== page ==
ASEAN companies bring more goods to 2nd CIIE

By Xie Jun in Shanghai and Li Xuanmin in Beijing Source:Global Times Published: 2019/11/5 20:38:41

Event viewed as way to cement bilateral ties amid trade war with US

A view of the exhibition stand of Cambodia on Tuesday during the second China International Import Expo Photo: Yang Hui/GT

Graphics: GT

Boosted by the fruitful outcomes from the first China International Import Expo (CIIE), companies from the Association of Southeast Asian Nations (ASEAN) have been scaling up the volume and variety of products they brought to the 2nd import fair. 

From shrimps, rice and bananas to coconut-based products, ASEAN companies are taking the fair as an opportunity to tap into a massive and growing market that is undergoing a swift consumption upgrade bolstered by a rising middle-class group.  

Observers said that the import fair is of great significance in terms of cementing economic ties between China and ASEAN countries and adjusting each other's trade structure accordingly, particularly in the context of US-launched trade war. 

Expanding trade between China and ASEAN countries will also help China to reduce reliance on US imports in such areas as agricultural and primary commodities.  

At the booth of the Thailand-based Chia Tai Investment (CP Group) at the National Exhibition and Convention Center (NECC) in Shanghai, the Global Times saw live shrimps swimming in the water tank, fresh fruit including mango and durian as well as bird's nest on vivid display. This attracted crowds of Chinese visitors.  

Ye Jian, vice chairman of the marketing department of CP Group, told the Global Times on Tuesday that this year marks the second time the Thai company is participating in the CIIE, and it has high expectations for the second CIIE to bring more high-quality Thai agricultural products to Chinese consumers. 

"Last year, we signed about 3 billion yuan ($427 million) in preliminary agreements with Chinese companies. Some of them have been carried out, while others are still applying for import certificates or are in the processing stage. So we hope to drum up the volume of transactions and sign more deals this year," he said, adding that CP has been contacting Chinese supermarket chains and other online retail channels such as Alibaba's Hema Fresh for cooperation. 

The group is confident of Chinese consumption power despite a global economic slowdown, and that's the reason why CP has multiplied the products at the fair and employed advanced logistics technology to keep products as fresh as possible.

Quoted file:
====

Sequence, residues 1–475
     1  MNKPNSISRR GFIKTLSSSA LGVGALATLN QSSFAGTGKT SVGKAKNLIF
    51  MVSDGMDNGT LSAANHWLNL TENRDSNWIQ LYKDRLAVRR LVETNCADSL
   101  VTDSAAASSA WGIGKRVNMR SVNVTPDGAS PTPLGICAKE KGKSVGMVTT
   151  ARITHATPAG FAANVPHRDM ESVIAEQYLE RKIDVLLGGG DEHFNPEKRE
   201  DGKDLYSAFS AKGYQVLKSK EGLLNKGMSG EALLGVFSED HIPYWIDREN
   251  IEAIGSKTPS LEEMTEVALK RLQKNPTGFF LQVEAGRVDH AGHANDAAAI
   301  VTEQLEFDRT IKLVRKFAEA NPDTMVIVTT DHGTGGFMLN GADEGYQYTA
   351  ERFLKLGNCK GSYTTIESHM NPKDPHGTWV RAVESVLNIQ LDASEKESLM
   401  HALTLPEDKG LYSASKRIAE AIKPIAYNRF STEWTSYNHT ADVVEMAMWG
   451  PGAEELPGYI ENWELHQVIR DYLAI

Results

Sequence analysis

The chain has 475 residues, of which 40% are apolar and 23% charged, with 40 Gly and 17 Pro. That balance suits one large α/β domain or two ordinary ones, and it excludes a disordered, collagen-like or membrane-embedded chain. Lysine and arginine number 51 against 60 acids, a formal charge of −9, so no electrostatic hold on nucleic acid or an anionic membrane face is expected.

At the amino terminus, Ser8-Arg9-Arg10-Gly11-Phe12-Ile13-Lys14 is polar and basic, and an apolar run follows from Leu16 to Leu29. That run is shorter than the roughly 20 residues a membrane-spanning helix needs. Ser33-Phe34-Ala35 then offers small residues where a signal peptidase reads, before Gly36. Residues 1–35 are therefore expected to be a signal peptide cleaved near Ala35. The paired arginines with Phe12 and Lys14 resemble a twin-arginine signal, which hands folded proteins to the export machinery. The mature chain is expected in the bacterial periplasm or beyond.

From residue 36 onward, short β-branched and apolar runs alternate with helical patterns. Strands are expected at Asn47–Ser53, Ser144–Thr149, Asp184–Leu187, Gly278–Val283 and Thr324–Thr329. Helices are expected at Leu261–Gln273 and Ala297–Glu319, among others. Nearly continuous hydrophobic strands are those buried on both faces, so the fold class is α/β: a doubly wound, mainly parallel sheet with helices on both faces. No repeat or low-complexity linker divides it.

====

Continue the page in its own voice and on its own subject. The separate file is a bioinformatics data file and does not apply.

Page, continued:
According to Ye, last year, shrimps from Thailand were sold out ahead of the closing day and were extremely welcomed by Chinese consumers. 

The Thai company has come up with an innovative dehydration transportation technique this year to ship seafood, which could keep container temperatures at a relatively low level. The new technique enables the shrimps to live longer and be more active after arriving in China.

In addition to Thai companies, large companies from the Philippines including Century Pacific Food, Fisherfarms and Monde Nissin are also promoting their products, ranging from coconut-based products and bananas to fruit preserves, mango flour, dried fruit and fruit juices at the fair. 

China has been the biggest importer of Philippine bananas since 2018.

Recognizing the huge consumption potential of Chinese residents, the Philippines is looking to tap into a lucrative consumer market by catering to the current health trend among Chinese consumers, according to a statement the Center for the International Trade Expositions and Missions (CITEM) sent to the Global Times on Tuesday. 

The CITEM is the export promotion arm of the Philippines Department of Trade and Industry (DTI).

"The Philippine delegation's participation will strengthen and improve the country's trade relations [with China], across Asia and the rest of the world," said DTI-CITEM Executive Director Pauline Suaco-Juan.

From quantity to quality

In 2018, bilateral trade between China and ASEAN reached $587.8 billion, an increase of nearly 11 times compared with 2002. In October, an upgraded China-ASEAN trade protocol that covers a broader scope than the original pact, came into effect. 

Ge Hongliang, deputy director of the College of ASEAN Studies at Guangxi University for Nationalities, told the Global Times that the 2nd CIIE could be a significant step in upgrading bilateral trade relations between China and ASEAN countries. 

"The CIIE will make the ties go from quantity to quality. The fair is not merely about pushing up the trade volume, but more importantly in adjusting the trade structure and relocating the industrial chain amid the heated trade war between China and the US," Ge said. 

China could import more agricultural and industrial products as well as primary commodities from ASEAN countries to replace US imports. For ASEAN companies, they could seek high-end manufacturing and light industry products from China instead of the US. 

For the next step, industry players hope that China and ASEAN countries could jointly build a more intertwined industrial chain to boost trade ties. 

Also, "we hope China could expand import quotas so that more agricultural products from Thailand could enter China," Ye said.


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